Future outcomes are a function of today’s decisions. Although there is a high degree of randomness and uncertainty associated with the future, you can increase the probability of a successful outcome by planning ahead. This is true in nearly every aspect of our lives, both personal and professional. For those who operate their own businesses, planning becomes increasingly important because the personal and professional aspects become more difficult to untangle. In agricultural businesses, planning may be even more vital because of the inherent uncertainty associated with agricultural production. Some important sources of uncertainty include production risk, price risk, financial (or interest rate) risk, and changes in government programs.
This publication discusses the importance of business planning for agricultural firms—from input suppliers to producers to processors—and describes the steps required to prepare a thorough business plan. The general process of business planning is the same for each type of firm. However, each may have differing individual aspects that affect its plan’s contents. Regardless, we present a recommended format that should be useful for all types of agricultural firms as they develop written business plans. We use examples from the wide variety of agribusinesses to provide a broad context to the general theme of business planning.
About the Business Plan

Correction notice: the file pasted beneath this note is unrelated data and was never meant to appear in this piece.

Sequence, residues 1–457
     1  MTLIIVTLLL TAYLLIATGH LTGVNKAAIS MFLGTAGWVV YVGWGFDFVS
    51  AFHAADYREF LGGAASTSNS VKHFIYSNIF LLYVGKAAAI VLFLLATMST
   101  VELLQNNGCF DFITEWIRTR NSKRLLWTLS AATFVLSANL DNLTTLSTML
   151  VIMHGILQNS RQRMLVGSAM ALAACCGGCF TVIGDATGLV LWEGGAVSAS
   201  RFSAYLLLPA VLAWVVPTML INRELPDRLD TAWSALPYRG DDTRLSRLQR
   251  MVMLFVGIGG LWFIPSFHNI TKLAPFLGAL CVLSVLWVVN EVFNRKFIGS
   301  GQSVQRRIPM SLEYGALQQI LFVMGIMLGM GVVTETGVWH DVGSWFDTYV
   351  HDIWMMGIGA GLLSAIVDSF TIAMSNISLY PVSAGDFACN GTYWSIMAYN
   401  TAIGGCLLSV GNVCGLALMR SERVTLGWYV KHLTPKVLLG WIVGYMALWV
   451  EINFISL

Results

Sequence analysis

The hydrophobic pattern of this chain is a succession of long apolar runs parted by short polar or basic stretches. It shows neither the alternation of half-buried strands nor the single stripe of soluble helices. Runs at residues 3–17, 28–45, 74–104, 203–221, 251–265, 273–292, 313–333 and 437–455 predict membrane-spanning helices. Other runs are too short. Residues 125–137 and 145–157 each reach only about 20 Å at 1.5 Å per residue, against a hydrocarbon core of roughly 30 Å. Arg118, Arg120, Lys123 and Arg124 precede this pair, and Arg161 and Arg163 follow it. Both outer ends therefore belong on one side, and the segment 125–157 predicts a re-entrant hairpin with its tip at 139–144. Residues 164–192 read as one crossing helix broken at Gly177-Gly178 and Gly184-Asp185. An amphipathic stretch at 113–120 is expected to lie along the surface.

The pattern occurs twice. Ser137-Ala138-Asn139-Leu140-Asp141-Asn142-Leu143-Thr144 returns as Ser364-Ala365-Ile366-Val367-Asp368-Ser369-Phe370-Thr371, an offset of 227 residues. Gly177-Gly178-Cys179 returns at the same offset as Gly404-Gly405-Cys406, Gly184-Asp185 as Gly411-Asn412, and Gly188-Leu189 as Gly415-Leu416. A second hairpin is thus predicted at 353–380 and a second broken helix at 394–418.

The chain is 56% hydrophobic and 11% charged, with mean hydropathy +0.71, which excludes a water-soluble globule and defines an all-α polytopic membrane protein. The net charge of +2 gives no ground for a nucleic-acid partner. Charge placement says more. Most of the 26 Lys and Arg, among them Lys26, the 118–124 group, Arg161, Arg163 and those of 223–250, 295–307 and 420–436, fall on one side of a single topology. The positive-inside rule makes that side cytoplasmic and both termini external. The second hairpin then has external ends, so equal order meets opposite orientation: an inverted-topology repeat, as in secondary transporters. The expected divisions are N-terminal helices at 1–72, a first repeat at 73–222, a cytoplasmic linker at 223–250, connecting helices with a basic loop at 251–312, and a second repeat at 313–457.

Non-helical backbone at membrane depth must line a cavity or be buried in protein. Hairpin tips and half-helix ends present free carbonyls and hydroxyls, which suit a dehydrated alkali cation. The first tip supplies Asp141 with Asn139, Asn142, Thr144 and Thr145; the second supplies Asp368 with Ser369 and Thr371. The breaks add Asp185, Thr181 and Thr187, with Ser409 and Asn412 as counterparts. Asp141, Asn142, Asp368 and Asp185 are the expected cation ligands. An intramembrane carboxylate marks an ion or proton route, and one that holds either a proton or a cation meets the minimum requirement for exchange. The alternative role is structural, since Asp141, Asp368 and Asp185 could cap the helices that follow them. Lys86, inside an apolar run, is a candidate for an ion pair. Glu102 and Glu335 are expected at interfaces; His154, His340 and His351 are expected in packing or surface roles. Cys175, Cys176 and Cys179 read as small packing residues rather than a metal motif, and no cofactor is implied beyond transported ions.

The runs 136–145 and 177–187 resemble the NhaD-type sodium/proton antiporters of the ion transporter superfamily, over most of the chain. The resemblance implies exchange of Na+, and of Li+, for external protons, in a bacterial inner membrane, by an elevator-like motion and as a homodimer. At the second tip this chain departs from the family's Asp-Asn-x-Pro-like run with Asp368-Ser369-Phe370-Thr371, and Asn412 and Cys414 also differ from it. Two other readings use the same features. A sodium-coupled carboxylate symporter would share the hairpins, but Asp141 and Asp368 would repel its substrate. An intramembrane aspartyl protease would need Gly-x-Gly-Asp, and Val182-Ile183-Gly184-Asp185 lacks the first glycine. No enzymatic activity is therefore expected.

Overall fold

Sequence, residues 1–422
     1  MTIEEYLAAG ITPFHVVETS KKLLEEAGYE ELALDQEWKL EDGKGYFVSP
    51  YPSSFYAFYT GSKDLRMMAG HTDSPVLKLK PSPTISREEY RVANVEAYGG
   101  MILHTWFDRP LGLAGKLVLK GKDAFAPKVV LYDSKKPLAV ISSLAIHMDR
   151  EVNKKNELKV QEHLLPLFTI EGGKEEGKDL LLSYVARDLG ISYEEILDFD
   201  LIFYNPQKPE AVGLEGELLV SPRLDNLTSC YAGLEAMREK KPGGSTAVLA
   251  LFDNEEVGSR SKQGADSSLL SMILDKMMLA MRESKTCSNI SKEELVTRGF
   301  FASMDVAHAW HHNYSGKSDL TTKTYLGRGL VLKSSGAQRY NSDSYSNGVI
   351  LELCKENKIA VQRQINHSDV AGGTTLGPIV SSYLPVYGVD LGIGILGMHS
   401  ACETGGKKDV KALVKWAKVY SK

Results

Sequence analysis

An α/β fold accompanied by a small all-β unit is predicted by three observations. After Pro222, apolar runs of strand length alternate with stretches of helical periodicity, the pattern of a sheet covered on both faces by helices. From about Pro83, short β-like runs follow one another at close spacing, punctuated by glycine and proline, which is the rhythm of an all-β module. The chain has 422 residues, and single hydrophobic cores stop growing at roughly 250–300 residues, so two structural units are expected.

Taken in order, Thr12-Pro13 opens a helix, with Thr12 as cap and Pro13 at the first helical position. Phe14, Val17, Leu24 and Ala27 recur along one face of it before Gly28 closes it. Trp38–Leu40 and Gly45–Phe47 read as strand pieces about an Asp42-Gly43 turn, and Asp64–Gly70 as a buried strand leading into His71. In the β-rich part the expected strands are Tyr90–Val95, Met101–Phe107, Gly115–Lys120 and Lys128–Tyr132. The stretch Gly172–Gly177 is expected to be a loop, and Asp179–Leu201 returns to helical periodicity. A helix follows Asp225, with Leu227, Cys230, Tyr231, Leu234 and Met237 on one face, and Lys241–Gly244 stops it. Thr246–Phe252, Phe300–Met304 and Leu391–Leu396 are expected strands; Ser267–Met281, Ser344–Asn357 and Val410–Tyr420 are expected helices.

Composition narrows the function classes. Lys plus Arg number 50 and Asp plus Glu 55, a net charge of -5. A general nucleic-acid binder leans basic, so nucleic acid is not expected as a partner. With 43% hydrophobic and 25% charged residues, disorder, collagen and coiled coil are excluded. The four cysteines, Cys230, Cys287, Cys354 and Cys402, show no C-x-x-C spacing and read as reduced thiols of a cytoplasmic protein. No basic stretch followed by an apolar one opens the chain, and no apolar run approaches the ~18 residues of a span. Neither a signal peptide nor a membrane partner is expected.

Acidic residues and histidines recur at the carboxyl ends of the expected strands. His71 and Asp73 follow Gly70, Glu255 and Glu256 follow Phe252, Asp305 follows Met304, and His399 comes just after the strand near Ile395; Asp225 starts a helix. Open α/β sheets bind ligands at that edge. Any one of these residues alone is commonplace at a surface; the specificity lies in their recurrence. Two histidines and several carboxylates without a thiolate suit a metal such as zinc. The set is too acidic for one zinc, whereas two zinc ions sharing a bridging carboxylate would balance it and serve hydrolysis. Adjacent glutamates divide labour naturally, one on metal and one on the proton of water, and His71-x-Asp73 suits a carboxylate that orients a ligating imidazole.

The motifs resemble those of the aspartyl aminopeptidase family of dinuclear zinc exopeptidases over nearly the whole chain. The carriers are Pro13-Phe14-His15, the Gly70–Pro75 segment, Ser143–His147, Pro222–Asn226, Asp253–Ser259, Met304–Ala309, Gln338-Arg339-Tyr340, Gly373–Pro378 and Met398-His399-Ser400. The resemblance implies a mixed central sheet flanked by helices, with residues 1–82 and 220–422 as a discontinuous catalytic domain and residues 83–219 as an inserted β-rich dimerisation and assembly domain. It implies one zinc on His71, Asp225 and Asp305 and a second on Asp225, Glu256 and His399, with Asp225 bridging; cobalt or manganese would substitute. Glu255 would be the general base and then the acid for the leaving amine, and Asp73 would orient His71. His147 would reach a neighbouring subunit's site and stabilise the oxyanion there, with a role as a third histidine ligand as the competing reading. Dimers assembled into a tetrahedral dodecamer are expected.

One of the most important documents for any business is their business plan. It is common practice for consultants, lenders, potential business partners, and other business-associated individuals to request a business plan to make a more informed decision concerning their relationship with a business. However, business plans have many more direct benefits for the business owner. The planning process forces owners to systematically consider all facets of the business. In so doing, they become more knowledgeable of the business, the industry, and the market environment in which their business operates. The process also helps to define business goals and to assess the impact that uncertainty may have on future business outcomes. Perhaps most importantly, the written plan provides a well-defined direction for the business. Therefore, it can be used to keep all employees moving toward the common goals established within it.
Completing a business plan can be a time-consuming activity, but well worth the effort. Because businesses operate in an ever-changing environment, the plan should be revisited periodically to be sure that the business is headed in the proper direction or to formally alter the firm’s course if circumstances dictate that this is necessary. Again, the systematic review of the business plan forces the owner, and potentially others, to look at the business as a whole and make better-informed decisions.
We provide an example format for you to use as a guide in developing your plan. Notice that there are several topics that should be addressed, corresponding to the four functional areas of management: marketing, production, finance, and human resources. By developing a section for each of these topics, the plan will be easy to follow as you revisit it or as others review it. You should take some liberty as you develop your plan; feel free to customize it in a way that will fit your specific circumstances.
Performing a SWOT analysis, which stands for strengths, weaknesses, opportunities, and threats, lays the foundation for the business plan. Four separate SWOT analyses should be performed, each related to one of the four functional areas of management: marketing, production/operations, finances, and human resources.